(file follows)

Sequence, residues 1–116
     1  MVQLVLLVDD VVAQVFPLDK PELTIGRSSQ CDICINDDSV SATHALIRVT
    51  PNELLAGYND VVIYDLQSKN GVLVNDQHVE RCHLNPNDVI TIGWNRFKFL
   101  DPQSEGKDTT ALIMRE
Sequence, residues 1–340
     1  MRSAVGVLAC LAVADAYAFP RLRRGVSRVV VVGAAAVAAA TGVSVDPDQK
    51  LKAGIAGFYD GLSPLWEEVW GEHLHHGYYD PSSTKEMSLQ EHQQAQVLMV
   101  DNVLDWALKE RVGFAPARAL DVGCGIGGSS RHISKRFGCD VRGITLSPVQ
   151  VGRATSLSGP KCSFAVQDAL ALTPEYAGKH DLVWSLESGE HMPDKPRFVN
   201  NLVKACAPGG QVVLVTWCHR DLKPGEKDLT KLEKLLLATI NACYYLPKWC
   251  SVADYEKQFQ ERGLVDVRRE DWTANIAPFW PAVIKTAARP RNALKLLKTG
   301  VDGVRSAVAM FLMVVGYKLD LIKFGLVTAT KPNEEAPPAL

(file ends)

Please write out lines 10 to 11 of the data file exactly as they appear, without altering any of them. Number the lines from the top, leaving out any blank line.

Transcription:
   201  NLVKACAPGG QVVLVTWCHR DLKPGEKDLT KLEKLLLATI NACYYLPKWC
   251  SVADYEKQFQ ERGLVDVRRE DWTANIAPFW PAVIKTAARP RNALKLLKTG